We’ve found that’s not the most effective way to help organizations prepare and avoid the knockout punch. Instead, to ensure a more resilient state, you need to identify and focus your readiness efforts on the delivery of the most important products and services.
Thus, leaders first need to answer and get on the same page on four foundational questions:
- Why are we investing in resilience?
- What are we trying to protect (in terms of products and services)?
- How much resilience do we need?
- Who should participate from across the organization?
By scoping resilience in a top-down manner, you’ll avoid spending time on areas of the business not critical to the success of the organization’s go-to-market strategy and you’ll drive resilience more efficiently.
2. Make it real
Once you establish a foundation for resilience, define a process and let everyone in the organization know what’s expected if a crisis occurs. The key is to get everyone to recognize there’s a common goal – continue delivering products and services to the customer – and have them rally around that concept.
When executives are closely involved in defining and communicating organizational priorities, they reinforce the culture of continuity. Organizations with more mature risk management programs have higher executive engagement, our research shows.
To gain buy-in and engagement, it’s important to frame the issue in the context of role and experience. There are three ways to help make resilience real for everyone across the organization.
- Speak their language. Every organization has its own vernacular, and people bring their own experiences and biases to the table in any discussion. Framing the problem in the context and language of each department helps make the situation real.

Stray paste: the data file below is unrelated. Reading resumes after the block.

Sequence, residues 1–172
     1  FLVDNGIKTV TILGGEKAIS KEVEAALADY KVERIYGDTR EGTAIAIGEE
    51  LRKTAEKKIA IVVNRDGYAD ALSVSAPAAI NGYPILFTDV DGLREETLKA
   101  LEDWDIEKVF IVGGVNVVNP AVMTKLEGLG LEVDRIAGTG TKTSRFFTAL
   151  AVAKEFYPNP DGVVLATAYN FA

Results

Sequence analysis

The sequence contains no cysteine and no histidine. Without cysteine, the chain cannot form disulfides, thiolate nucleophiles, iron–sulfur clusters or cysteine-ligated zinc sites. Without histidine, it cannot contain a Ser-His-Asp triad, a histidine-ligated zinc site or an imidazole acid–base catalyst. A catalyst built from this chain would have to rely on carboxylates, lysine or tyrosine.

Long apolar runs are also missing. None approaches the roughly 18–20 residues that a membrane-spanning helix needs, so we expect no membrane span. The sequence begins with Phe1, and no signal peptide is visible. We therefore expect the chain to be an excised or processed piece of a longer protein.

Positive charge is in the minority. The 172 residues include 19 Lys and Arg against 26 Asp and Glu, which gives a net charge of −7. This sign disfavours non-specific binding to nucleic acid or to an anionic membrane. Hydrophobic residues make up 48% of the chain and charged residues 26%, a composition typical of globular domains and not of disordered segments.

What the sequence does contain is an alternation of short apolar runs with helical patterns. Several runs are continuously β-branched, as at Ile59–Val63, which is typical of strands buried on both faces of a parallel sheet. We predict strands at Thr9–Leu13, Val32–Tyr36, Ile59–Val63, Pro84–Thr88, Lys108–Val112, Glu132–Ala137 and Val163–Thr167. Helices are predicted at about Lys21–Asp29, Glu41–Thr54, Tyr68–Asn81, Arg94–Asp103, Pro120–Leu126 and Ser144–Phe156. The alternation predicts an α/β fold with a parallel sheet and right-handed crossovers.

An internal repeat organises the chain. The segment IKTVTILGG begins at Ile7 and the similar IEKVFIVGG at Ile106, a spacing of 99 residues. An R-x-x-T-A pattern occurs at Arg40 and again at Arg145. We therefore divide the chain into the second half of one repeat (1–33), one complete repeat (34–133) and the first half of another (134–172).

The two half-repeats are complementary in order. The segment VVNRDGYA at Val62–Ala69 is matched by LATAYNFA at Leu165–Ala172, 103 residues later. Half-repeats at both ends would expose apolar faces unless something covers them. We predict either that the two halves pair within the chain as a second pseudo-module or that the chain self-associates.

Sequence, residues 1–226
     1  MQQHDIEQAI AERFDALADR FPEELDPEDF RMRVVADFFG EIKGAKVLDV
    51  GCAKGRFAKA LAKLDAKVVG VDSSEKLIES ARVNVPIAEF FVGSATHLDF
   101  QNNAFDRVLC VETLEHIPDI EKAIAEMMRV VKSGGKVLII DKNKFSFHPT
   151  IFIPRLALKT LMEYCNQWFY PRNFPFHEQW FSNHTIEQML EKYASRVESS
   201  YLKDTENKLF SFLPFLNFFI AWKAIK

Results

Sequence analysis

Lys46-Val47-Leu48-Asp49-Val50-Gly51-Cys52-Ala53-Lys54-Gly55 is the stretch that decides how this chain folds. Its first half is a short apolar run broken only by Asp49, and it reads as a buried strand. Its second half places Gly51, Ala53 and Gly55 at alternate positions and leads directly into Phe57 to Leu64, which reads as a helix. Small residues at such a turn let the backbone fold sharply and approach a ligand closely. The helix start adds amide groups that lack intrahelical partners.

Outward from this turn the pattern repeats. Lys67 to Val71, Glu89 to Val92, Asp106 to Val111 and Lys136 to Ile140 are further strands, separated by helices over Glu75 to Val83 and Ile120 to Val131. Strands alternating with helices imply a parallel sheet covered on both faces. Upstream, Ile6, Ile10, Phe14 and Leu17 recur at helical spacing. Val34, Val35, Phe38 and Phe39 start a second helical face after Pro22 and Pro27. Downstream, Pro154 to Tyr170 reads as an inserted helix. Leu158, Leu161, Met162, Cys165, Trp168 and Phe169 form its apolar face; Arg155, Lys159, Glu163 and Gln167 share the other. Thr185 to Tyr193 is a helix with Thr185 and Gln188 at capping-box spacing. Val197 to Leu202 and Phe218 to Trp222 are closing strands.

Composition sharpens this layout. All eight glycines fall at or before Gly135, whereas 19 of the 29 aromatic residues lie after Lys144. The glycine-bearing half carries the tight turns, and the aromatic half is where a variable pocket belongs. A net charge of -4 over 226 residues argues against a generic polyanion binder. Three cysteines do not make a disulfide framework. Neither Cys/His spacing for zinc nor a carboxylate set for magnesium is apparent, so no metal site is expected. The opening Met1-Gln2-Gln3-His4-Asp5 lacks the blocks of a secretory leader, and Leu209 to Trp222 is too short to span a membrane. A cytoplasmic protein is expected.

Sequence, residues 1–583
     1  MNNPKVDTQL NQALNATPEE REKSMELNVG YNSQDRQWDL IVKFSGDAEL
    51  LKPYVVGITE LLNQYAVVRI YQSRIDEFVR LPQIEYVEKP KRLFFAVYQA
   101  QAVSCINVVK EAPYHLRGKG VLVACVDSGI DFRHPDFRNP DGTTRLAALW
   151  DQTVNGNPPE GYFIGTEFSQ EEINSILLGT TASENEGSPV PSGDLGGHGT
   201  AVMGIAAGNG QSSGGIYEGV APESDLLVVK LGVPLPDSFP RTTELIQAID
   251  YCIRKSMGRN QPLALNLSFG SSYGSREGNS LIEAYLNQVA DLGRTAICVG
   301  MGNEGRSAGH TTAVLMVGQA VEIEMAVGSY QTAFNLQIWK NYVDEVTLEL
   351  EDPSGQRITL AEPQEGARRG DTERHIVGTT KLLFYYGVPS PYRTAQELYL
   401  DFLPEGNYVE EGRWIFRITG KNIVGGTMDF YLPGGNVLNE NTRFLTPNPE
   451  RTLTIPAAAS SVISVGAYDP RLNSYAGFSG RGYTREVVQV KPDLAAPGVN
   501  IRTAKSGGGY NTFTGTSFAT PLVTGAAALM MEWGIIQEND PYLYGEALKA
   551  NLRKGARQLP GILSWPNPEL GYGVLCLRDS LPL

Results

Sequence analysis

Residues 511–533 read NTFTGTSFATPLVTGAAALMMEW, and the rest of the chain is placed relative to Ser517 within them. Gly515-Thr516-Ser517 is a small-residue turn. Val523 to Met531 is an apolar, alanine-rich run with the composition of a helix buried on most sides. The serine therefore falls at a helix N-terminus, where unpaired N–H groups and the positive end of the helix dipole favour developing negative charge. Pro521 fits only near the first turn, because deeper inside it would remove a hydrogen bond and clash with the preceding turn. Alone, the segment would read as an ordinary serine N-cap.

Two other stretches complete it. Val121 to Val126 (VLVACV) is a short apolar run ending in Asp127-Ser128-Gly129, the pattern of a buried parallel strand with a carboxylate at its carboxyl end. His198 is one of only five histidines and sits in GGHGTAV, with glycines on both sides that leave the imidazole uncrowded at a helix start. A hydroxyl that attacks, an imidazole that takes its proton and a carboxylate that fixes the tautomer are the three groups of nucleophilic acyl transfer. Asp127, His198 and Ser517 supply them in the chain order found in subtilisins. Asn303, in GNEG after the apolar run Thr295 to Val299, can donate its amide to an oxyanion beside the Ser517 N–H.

- Identify the right people. A common problem for many organizations is they fail to assign resilience-related roles to the employees who will have the greatest impact in the readiness effort or during a response to a crisis.
- Make it believable. One way to make resilience real for all involved is to ask them to identify the real-world scenarios they worry about the most. For instance, a plausible scenario might be the loss of their only supplier of a particular part. Without this supplier’s parts, the organization’s production lines will come to a halt, creating a real threat to delivery of goods to their customers.
If you can engage leadership and employees in this way, you’ll have a head start to make the problem real and concrete for them.
3. Isolate what's vulnerable
Once you understand what’s most important, you can identify potential problems. For instance, you might not have an alternative source in place for your top supplier, putting your production line at risk. Or there’s only one method for customers to contact your support team. Addressing these problems now will help you avoid being knocked out in a crisis.